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Dana White: Jon Jones had 'right to fight,' so canceling Daniel Cormier fight was not an option

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Esther Lin

Several things ran through UFC president Dana White's mind when he received the news from the Nevada Athletic Commission that UFC light heavyweight champion Jon Jones had tested positive for cocaine metabolites in an out-of-competition drug test conducted in early December.

But one thing that didn't come up was the thought of canceling Jones' UFC 182 title defense against Daniel Cormier.

"No," White said Wednesday, when asked on FOX Sports 1 if he considered canceling the Jan. 3 main event. "No. 1, he was healthy. No. 2, the reason you would stop the fight and the hammer would drop on the guy would be if he tested for performance-enhancing drugs."

White went on to say that he didn't have the legal power to pull Jones out of the fight even if he wanted to, since Jones signed a contract and technically did nothing to violate the agreement.

"The other thing people have to understand in this situation," White said. "Jon Jones was contracted to fight, and everyone thinks we can just say, ‘the fight's off, the fight's not happening.' He had the right to fight."

White also indicated that Cormier, who lost the bout via unanimous decision, was not informed of Jones' test result.

"He doesn't need to be," White said. "If [Jones] had tested positive for performance-enhancing drugs, everything would have shut down."

Primarily, though, White focused most on the health and well-being of Jones, who checked into an undisclosed rehab facility on Tuesday.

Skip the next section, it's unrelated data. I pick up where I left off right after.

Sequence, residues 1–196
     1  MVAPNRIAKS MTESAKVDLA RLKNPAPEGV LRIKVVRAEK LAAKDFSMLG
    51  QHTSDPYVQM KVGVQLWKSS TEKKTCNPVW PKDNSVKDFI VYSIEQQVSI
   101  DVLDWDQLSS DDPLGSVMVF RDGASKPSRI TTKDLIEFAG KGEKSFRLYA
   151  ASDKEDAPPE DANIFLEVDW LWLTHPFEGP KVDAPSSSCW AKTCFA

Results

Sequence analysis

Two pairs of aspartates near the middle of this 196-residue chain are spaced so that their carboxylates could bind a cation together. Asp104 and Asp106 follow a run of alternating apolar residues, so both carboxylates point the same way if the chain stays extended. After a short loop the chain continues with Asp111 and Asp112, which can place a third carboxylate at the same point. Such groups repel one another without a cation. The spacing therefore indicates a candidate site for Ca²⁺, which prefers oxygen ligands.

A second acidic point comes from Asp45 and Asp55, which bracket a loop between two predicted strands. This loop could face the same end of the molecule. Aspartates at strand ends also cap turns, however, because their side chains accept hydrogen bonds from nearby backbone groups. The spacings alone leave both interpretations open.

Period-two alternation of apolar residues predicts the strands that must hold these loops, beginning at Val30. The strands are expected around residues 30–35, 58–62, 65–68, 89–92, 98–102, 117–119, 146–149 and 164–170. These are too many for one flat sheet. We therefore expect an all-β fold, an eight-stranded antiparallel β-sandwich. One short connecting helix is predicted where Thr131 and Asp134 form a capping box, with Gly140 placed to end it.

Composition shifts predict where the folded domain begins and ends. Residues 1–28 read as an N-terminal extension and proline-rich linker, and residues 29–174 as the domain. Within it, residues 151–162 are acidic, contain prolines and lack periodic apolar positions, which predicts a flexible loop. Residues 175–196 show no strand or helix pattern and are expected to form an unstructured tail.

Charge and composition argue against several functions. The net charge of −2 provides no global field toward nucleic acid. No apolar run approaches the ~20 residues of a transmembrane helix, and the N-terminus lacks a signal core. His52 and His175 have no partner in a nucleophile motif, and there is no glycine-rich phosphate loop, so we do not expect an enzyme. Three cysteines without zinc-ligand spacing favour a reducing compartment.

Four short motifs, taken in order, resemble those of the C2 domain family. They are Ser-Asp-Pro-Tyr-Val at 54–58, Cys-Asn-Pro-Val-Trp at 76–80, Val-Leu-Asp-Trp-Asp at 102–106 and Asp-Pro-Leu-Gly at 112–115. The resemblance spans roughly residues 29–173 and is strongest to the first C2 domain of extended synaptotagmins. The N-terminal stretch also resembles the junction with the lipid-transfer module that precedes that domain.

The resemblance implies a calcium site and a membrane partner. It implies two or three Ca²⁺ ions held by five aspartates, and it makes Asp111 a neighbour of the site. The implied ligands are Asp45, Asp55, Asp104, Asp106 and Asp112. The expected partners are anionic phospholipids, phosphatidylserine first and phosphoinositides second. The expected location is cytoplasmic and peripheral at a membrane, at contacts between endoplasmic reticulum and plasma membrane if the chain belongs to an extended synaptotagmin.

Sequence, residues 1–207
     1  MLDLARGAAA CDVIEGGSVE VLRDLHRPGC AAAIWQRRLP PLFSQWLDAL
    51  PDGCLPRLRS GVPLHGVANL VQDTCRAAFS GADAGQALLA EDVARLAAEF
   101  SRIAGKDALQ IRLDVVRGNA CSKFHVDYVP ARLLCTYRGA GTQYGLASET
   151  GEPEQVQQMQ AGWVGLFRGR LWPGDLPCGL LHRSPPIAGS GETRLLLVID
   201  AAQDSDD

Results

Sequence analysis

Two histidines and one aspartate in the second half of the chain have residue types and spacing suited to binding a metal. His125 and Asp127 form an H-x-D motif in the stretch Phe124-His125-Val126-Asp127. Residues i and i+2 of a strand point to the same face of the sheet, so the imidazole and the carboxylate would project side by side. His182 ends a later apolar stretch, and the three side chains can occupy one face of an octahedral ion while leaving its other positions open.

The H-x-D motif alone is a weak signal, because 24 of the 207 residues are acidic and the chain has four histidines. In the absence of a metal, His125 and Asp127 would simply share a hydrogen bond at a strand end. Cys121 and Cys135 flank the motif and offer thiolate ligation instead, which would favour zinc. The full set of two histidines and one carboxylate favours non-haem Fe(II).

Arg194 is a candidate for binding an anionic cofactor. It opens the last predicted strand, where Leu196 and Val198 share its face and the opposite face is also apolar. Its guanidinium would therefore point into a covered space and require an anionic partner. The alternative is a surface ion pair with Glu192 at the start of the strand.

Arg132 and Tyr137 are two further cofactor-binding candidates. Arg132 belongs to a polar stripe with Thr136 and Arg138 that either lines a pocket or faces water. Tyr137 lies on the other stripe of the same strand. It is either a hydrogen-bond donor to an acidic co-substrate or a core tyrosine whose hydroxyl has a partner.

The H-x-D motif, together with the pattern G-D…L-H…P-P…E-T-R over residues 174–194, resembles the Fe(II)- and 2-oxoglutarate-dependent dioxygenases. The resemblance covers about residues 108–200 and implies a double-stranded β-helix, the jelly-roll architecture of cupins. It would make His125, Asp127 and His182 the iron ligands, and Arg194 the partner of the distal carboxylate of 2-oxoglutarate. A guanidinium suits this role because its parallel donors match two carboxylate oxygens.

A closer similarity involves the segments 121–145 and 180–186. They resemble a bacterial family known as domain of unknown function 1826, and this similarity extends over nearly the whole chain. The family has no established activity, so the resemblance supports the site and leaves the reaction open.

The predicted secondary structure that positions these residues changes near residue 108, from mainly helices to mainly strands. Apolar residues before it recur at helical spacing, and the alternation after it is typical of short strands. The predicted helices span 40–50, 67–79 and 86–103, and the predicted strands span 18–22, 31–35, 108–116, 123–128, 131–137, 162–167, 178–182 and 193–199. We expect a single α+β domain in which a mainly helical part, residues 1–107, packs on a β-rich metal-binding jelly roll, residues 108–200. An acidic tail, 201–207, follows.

"This is one of those situations where, it's so different than if a guy gets busted for performance enhancing drugs," White said. "You worry about the person first. Forget about the fighting and the work side of it and you worry about Jon Jones as a person. He got checked into rehab, they're going to be able to evaluate him, and then we'll go from there.

"I talked to him yesterday before he went in, and I hope we'll be able to talk to him again today," White continued. "He was in a good place going in there and he's in an even better place today."

There has been much heat directed at the UFC for the perceived disparity between Jones testing positive for cocaine and heavy punishments meted out to fighters who have tested positive for marijuana in the past. This glosses over the distinction between in-competition and out-of-competition testing, which is conducted by the athletic commissions, not the UFC.

"A couple years ago, if you tested positive for marijuana, fire and brimstone," White said. "It was craziness. We followed the lead of the Nevada State [sic] Athletic Commission. That's what we do. They're the regulators who set the rules and how its going to go down. Obviously with those whole legalization of marijuana, they've become a lot more lenient with that and street drugs."

In the end, White put his best promoter spin on the whole affair.

"Everything happens for a reason," White said. "It's a great thing that guy made a mistake. It's a great thing this happened. Who would have known, we would never have known and get him the help he needs.

"In a situation like this, the last thing you're worried about is his image right now. You're worrying about getting the guy healthy. He'll come back. Whether you like him or not, he's the baddest dude. He's the pound-for-pound best guy in the world."